The mystery clock was invented in the 19th century by the illusionist Jean-Eugène Robert-Houdin and later developed exclusively for Cartier by the watchmaker Maurice Couët. It is a fascinating object in which the hands appear to float like magic within the crystal, unconnected to any mechanism. Mystery clocks require months of patient work before being lavishly decorated by the jeweler. They are exceptional pieces in Cartier's total production of watches. The first example was the Modèle A, a crystal parallelepipede, produced in 1912. In the 1920s, Maurice Couët developed several versions of the mystery clock, including 12 with Chinese origins and 6 with the "Portique" structure. These have remained the most expensive decorative objects ever produced by Cartier.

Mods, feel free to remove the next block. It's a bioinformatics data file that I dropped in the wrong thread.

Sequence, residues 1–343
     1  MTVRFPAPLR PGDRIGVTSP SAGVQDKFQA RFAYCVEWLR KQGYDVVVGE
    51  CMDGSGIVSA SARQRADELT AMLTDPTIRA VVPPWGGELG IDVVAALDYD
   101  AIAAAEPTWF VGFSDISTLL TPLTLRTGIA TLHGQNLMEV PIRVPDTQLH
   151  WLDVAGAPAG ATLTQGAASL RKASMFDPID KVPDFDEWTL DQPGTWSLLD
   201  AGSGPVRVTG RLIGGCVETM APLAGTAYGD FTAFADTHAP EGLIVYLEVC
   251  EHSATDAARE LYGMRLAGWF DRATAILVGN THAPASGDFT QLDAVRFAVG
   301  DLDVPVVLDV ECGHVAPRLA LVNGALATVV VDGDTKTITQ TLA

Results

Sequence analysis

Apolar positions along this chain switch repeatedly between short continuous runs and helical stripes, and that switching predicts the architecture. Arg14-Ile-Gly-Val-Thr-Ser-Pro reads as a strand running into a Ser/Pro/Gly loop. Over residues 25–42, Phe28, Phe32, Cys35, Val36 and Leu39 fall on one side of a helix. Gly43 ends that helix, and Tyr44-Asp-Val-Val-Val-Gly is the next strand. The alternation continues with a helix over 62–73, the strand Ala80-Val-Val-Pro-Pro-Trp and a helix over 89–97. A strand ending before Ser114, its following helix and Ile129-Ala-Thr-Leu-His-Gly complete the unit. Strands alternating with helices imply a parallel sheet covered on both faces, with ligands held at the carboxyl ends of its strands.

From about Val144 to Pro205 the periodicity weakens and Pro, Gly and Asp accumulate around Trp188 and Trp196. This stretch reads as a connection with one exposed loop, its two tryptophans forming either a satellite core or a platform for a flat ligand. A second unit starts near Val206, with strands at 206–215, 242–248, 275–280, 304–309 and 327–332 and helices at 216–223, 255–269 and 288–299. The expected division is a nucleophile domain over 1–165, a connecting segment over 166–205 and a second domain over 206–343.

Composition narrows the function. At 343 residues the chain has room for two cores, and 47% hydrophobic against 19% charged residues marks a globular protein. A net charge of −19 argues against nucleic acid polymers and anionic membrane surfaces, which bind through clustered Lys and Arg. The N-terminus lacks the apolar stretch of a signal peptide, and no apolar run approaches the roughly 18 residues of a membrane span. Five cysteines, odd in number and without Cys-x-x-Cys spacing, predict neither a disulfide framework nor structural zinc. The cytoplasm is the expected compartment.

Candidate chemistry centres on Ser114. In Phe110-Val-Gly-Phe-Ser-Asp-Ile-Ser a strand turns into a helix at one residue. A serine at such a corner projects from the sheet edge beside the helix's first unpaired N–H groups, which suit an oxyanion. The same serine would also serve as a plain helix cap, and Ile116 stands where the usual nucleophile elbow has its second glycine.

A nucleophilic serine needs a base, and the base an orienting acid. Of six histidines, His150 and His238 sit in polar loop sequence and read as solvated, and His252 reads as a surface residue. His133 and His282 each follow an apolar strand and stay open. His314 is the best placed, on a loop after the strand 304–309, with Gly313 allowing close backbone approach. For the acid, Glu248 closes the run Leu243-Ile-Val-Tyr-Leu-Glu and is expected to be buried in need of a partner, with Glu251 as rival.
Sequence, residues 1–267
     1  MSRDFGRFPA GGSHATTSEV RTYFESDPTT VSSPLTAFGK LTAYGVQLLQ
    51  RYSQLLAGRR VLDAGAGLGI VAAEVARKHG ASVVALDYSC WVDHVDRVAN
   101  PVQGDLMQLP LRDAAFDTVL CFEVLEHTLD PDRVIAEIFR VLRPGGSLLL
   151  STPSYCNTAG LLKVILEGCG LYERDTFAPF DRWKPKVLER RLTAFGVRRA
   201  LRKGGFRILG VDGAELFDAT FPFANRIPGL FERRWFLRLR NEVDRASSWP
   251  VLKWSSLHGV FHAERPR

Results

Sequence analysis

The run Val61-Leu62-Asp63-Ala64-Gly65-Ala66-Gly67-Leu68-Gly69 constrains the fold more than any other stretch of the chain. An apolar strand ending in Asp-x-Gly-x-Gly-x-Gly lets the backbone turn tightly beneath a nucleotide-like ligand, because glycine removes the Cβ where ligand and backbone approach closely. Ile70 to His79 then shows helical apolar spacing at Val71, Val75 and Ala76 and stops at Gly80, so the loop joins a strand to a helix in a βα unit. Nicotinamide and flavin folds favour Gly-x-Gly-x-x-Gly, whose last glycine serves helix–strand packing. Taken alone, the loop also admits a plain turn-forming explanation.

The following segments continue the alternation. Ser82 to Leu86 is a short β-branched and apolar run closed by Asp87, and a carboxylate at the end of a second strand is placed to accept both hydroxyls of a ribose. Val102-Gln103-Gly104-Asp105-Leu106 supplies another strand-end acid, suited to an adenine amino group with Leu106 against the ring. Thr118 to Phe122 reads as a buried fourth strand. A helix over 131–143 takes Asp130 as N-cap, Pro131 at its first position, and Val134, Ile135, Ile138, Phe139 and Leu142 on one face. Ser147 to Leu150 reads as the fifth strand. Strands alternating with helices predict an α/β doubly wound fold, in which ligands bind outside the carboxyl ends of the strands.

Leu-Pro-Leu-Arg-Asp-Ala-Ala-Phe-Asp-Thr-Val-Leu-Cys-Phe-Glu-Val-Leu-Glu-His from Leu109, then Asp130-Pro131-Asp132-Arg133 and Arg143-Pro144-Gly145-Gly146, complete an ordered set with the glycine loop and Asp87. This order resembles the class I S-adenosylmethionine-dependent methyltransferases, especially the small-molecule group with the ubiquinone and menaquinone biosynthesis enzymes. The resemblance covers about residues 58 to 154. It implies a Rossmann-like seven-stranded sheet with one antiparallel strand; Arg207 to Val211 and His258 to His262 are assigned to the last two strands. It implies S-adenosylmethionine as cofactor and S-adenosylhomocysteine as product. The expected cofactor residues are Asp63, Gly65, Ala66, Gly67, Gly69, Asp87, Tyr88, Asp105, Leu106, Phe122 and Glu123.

MODEL A MYSTERY CLOCK

CARTIER PARIS, 1914

Platinum, yellow gold, rock crystal, white agate (base), four sapphire cabochons, rose-cut diamonds, white enamel. Particularly rare, this clock is one of the very first mystery clocks created by Cartier. 
Sold to Count Greffulhe, husband to the famous Countess Greffulhe, “the most beautiful woman in Europe” according to Marcel Proust, who partly modeled his character of the Duchess de Guermantes on her.

Height 13.0 cm